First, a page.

Rend. Sem. Mat., Torino, Fasc. Spec., Special functions: theory and computation, Int. Conf., Turin 1984, 249-265 (1985).

[For the entire collection see

Zbl 0585.00004.]
The authors discuss methods for computing numerically the integral $I(a,p,\nu)=\int\sp{a}\sb{0}J\sb{\nu}(px)f(x)dx$ where a is positive real, $J\sb{\nu}(\cdot)$ is the Bessel function of real order $\nu$, and p is a positive parameter. These integrals are difficult to compute if ap is large, if a is infinite, or if f(x) has a singularity or is oscillatory.
Two methods are described to deal with the case where a is finite. One method subdivides the interval [0,a], integrating separately between the zeros $j\sb{\nu,n}$ of $J\sb{\nu}(x)$, and using the Euler transformation to speed up the convergence of the resulting series. The other method is based on a modified Clenshaw-Curtis quadrature formula. Considering the integral $I=\int\sp{1}\sb{0}x\sp{\alpha}J\sb{\nu}(\omega x)g(x)dx$ where $\alpha$ is real and such that the integral converges and g(x) is smooth, g(x) is replaced by an expansion in the shifted Chebyshev polynomials $T\sp*\sb k(x)$. This requires the calculation of the modified moments $M\sb k(\omega,x,\alpha)=\int\sp{1}\sb{0}x\sp{\alpha}J\sb{\nu}(\omega x)T\sp*\sb k(x)dx.$ These moments satisfy a homogeneous linear 9-term recurrence relation. Ways to obtain starting values for this relation are indicated and its stability is analysed. It turns out that $M\sb k(\omega,x,\alpha)$ can be computed accurately using forward recursion provided $k<<\omega /2$. Two examples are given and the results are compared with other methods.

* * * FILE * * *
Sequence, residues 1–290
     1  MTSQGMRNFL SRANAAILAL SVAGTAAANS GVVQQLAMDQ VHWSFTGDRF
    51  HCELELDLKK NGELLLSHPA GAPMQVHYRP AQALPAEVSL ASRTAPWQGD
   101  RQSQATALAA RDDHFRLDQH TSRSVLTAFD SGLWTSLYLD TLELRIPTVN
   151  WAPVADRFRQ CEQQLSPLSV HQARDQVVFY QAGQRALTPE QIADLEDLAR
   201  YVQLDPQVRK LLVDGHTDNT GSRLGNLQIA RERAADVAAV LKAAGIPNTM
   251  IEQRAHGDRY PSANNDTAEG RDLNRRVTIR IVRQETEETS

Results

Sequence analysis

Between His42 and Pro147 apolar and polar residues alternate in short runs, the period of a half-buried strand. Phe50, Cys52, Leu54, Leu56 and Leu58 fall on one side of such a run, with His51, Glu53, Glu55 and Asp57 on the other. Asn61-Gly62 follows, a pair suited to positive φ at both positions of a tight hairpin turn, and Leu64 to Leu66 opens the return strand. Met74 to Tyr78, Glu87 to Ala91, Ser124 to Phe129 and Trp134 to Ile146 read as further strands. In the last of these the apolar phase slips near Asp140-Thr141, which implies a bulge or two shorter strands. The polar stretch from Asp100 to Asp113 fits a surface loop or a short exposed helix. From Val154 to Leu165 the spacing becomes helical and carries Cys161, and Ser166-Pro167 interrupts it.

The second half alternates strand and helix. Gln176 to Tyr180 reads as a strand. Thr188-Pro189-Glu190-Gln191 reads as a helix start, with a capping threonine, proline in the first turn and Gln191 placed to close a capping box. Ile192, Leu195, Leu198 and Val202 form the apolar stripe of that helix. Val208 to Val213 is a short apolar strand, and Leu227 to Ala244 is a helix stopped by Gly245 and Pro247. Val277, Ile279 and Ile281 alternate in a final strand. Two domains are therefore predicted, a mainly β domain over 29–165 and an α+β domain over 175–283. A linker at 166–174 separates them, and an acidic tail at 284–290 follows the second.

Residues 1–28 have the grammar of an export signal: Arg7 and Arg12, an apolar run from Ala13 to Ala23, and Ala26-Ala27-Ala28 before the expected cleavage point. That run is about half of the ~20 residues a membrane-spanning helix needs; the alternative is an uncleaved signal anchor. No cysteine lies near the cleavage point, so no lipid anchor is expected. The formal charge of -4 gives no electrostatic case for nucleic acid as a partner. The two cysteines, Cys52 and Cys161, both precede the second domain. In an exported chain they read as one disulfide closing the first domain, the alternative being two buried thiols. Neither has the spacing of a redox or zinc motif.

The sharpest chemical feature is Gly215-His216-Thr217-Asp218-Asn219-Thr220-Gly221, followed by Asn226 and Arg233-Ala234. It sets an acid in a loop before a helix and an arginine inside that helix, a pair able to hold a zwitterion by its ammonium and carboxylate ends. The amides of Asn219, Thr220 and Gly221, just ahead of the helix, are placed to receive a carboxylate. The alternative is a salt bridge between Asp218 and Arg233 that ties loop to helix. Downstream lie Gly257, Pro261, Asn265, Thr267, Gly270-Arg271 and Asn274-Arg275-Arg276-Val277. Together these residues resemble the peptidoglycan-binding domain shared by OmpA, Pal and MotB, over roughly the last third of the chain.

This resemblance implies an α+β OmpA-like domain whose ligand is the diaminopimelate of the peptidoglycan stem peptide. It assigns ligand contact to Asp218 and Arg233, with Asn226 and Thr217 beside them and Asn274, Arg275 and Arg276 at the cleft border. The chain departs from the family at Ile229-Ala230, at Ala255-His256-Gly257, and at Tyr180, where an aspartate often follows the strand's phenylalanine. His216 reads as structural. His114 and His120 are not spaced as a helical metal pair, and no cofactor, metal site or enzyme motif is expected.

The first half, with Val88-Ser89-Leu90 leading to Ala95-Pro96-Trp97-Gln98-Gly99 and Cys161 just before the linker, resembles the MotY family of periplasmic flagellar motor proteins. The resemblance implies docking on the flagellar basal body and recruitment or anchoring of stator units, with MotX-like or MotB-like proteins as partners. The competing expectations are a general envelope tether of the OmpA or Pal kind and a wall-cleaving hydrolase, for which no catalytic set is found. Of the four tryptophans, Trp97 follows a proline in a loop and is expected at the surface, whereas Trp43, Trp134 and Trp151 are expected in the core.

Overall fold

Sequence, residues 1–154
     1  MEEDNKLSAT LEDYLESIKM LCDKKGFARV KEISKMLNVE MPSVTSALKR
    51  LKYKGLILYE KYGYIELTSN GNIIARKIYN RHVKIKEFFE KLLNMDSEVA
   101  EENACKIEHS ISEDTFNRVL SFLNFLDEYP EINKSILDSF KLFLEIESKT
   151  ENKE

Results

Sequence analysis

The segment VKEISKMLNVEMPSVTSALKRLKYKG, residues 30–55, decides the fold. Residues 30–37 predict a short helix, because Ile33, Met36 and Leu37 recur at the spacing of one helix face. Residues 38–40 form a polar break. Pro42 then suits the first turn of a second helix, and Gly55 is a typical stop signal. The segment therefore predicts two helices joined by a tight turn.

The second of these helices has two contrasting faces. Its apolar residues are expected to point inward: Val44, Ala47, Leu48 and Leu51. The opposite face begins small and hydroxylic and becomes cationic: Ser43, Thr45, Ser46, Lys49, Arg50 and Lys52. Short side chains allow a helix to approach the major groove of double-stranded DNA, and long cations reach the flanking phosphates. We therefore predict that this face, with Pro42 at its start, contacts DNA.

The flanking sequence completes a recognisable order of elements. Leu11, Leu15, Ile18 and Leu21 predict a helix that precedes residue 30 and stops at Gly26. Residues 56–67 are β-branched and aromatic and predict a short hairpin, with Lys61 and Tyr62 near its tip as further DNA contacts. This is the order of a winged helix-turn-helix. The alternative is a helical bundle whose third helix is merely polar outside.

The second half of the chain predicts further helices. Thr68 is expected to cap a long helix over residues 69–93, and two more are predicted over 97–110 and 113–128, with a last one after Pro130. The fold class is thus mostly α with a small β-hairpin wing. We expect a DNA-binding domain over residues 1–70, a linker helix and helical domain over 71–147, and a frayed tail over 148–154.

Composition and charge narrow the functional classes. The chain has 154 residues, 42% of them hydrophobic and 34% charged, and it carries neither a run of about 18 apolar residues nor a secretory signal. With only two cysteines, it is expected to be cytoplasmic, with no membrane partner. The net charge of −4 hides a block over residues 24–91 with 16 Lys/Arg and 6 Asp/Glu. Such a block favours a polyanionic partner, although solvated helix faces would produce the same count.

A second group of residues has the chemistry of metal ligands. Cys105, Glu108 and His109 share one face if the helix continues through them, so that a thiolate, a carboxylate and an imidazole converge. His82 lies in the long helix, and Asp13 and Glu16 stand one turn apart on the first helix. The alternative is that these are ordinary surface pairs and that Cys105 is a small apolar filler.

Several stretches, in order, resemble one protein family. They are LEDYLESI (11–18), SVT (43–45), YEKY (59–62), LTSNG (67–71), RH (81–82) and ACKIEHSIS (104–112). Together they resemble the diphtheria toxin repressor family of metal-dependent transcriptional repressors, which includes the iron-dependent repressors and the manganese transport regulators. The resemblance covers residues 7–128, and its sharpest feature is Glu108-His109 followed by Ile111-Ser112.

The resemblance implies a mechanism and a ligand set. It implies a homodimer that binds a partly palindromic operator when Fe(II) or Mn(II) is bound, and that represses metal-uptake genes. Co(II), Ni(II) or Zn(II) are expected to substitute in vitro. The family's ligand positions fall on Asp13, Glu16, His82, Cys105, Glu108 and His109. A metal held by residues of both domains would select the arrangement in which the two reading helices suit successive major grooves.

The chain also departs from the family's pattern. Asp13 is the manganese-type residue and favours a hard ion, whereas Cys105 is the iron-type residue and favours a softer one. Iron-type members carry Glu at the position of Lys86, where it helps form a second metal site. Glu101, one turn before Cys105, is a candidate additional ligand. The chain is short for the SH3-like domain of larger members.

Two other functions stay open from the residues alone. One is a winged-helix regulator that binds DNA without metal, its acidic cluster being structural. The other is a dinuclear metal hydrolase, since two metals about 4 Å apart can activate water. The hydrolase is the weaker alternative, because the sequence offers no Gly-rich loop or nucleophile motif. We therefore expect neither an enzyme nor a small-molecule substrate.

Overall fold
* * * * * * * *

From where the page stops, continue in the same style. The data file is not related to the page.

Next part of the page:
In the case where the interval of intergration is infinite, four methods are briefly described. These methods, fairly wellknown to numerical analysts, consist of (i) integrating between the zeros of $J\sb{\nu}(x)$ with convergence acceleration for the resulting series, (ii) transforming the integral into a double integral by using a suitable integral representation of $J\sb{\nu}(x)$, (iii) replacing f(x) by an expansion in suitable functions and (iv), treating the tail of the integral by asymptotic methods. Howevever, it seems doubtful whether method (ii) is in fact advantageous unless analytic integration can be used to avoid numerical evaluation of the double integral. The paper closes by announcing a project for the construction of numerical software for the computation of the modified moments for 19 different weight functions.

Reviewer: K.S.Kölbig